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    Highlights From Our 2019 Work

    Updated: Jan 29



    1. Our database has collected around 3 times the amount of submissions in 2019 than 2018.

    2. Our database outpaced the city of Chicago's $35 Million dollar 311 system and 13,500+ ticket writers. We also uncovered the the city of Chicago's 311 system auto closes bike related submissions.

    3. We acted as a stepping stone platform for cyclists to become more engaged in their local politics, aldermen, and local government agencies.

    4. We met with multiple aldermen to discuss opportunities to enhance biking conditions in their wards.

    5. We began recording city of Chicago's Mayor’s Bicycle Advisory Council (MBAC) meetings so all community members are able to be involved regardless of work schedules or zip codes.

    6. We held a workshop with the city of Chicago's Department of Transportation and the Department of Finance.

    7. We met with developers and provided insights and recommendations to reduce bike lane obstructions near their property.

    8. We held a Day of Service, where 90% of Chicago bike lanes were adopted and bike lane conditions were recorded by volunteers.

    9. We enhanced our platform, by rolling out a new submission portal that makes it easier to submit via desktop and mobile.  We made it easier to sign up

    10. We also enhanced maps, making them interactive and automated heat maps.

    11. We released a deep dive 2018 Bike Lane Obstruction Summary Report which analyzed all records submitted to our database in 2018.

    12. We helped create people protected bike lanes in Chicago and Minneapolis to honor cyclists that have been killed and draw attention to the need for protected bike infrastructure.

    13. We've been in contact with the Chicago Inspector General's Office regarding city employees such as the Chicago Police Department being top bike lane obstructors.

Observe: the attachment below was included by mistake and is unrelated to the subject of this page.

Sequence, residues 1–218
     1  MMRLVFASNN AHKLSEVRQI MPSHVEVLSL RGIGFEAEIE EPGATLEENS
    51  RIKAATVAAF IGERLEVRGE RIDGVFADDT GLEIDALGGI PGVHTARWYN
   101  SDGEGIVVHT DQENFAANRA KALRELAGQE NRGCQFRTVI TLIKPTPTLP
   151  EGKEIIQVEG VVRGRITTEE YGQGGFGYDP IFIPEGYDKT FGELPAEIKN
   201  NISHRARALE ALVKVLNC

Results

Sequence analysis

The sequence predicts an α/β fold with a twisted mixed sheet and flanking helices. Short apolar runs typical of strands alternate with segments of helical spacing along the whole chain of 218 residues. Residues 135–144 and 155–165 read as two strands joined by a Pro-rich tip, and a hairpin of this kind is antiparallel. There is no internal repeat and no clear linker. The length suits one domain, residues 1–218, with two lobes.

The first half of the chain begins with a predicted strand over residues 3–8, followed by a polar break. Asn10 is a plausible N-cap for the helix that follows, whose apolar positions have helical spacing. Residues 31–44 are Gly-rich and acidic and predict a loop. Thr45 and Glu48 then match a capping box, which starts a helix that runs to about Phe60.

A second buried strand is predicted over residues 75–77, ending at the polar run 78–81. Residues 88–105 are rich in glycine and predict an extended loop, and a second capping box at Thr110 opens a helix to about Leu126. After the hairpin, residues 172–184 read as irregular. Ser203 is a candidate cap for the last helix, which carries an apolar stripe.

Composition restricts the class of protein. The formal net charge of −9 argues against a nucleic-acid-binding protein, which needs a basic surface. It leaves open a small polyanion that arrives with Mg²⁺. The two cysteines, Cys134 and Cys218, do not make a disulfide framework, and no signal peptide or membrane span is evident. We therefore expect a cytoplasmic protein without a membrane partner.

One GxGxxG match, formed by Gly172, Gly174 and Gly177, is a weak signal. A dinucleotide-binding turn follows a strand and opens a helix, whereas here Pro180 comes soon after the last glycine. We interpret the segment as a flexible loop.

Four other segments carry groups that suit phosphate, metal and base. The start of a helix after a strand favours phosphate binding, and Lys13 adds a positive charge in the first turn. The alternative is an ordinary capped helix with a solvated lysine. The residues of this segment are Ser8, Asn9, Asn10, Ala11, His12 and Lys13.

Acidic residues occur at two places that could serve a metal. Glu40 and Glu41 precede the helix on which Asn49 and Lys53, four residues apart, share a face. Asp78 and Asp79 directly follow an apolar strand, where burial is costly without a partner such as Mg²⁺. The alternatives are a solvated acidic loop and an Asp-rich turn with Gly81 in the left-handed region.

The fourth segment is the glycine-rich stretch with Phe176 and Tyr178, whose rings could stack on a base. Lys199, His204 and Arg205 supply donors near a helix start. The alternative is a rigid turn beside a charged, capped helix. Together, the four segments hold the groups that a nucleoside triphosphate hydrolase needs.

14. We're assembling a list of pro bono attorneys to represent minority cyclists who have been unfairly targeted by the Chicago Police Department.

    15. We grew our user base - submissions are coming in from near and far and new city pages have been created for Lexington, Minneapolis/Saint Paul, Baltimore, Long Beach, New York City, Philadelphia, San Diego, and Toronto.

    16. We've helped countless cyclists navigate what camera to buy, what to wear for winter biking, what to do when confronted by with a road rage driver, where to go for city resources, and what to do when they've been hit or assaulted by a driver.

    17. We've also worked to spotlight the issue of unsafe bike lanes through a multitude of speaking engagements, interviews, events, and helped reporters create long form deep dive news articles.

    18. Our advocacy work with University of Illinois at Chicago (UIC) resulted in the campus paying for improvements to the Harrison Street Bike Lane.

    19. A few of our identified bike lane obstruction hot pots also saw bollards installed.


    While 2019 was a busy year, we hope to have an even larger impact in 2020. We can't do this without the support of people like you.  As we enter into the new year, please consider becoming a 2020 BLU Supporter.